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John McCain, the Election, and the Future of Restrictions on Use of Money for Campaign Speech:

I think many (though by no means all) restrictions on the use of money for campaign speech violate the First Amendment. I'm one of the few people who thinks Buckley v. Valeo is basically right, and contributions can generally be capped but expenditures (including corporate expenditures, a matter on which I disagree with the Court's Austin v. Michigan Chamber of Commerce precedent) cannot be. This means I'm not as critical of Sen. McCain's views as some of my conservative and libertarian friends are, but I certainly find much to disagree with in his views.

Still, let's be realistic: On the Court today, the liberal Justices are the ones who are most likely to uphold a wide range of campaign finance speech restrictions; Stevens, Ginsburg, and Breyer have even suggested that they would uphold limits on independent expenditures, which in my view would violate the core of the First Amendment. And the conservative Justices, including the moderate conservative Kennedy, are the ones who are most likely to strike down a wide range of such restrictions.

Perhaps McCain will appoint Justices who will end up being more likely to uphold such restrictions. But I'm pretty sure that he won't be a single-issue appointer on this matter. He's likely to appoint noted figures from the conservative legal movement, who are culturally and ideologically predisposed to be at least mildly skeptical of such restrictions, and likely to be (at worst) in the middle on this issue -- where O'Connor and Rehnquist mostly were -- and more likely where Kennedy, Alito, Roberts, and perhaps even Scalia and Thomas are.

On the other hand, I suspect that either Clinton or Obama would likely appoint noted figures from the liberal legal movement, who are culturally and ideologically predisposed to be open to such restrictions, and be where Stevens, Ginsburg, and Breyer are, or (at best) in the middle of this issue, where Souter has generally been. So my hesitation about many campaign finance speech restrictions is a reason to support McCain (despite my disagreement with him) rather than to oppose him. He's surely not perfect in my book, certainly not on this issue. But I think he'll be better than the alternatives, and to me elections -- especially general elections -- are all about the best option, not the perfect one.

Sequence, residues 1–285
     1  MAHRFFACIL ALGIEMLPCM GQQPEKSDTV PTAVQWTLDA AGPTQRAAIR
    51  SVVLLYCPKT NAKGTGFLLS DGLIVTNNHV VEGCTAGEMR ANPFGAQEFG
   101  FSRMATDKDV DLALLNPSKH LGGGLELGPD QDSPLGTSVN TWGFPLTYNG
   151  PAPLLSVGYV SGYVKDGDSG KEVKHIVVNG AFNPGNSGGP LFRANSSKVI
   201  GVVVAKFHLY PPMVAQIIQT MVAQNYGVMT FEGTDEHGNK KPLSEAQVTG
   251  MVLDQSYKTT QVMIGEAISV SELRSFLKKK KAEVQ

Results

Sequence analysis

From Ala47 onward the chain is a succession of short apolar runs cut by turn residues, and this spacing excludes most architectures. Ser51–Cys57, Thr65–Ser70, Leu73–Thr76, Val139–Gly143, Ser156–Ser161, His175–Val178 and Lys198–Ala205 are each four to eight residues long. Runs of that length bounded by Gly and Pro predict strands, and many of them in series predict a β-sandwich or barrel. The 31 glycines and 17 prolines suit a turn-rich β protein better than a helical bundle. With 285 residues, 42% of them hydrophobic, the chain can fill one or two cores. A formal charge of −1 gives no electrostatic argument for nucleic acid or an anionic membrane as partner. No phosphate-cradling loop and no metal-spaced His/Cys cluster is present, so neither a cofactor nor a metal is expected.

Bob Sykes (mail):
Although suppression of speech has become a liberal monopoly, John McCain is one with the liberals on this, and he would readily appoint judges who would extend the range of suppressed political speech.

By the way, was the Alien and Sedition Act ever repealed? I know the Supremes upheld it. Or is it just in abeyance, waiting for Hilary or Obama or John or Ralph?
2.28.2008 4:04pm
Aultimer:

-- especially general elections -- are all about the best option, not the perfect one


Well put. I think the position McCain is just wed to the wrong/unconstitutional solution to a real problem that government should have some ability to solve.

Proposals of better ways to reduce the role of fundraising in daily politics from McCain-Feingold's detractors would be nice.

I like the UK system of free TV airtime (based on spectrum licensing as a taking from the soverign/people), but it might only work if that time is exclusive.
2.28.2008 4:06pm
Cornellian (mail):
So my hesitation about many campaign finance speech restrictions is a reason to support McCain (despite my disagreement with him) rather than to oppose him.

Not exactly on topic, but there's an interesting post over at Above The Law noting that McCain was not born in the U.S., thus asking whether he's a "natural born citizen," something constitutionally required to be eligible to be elected president. Probably not the most thoroughly explored corner of the Constitution, I would think.
2.28.2008 4:06pm
Cornellian (mail):
Although suppression of speech has become a liberal monopoly

Yeah, liberals are always on the front lines of those crusades against bad words in movies, TV shows and videogames and other threats to the social order.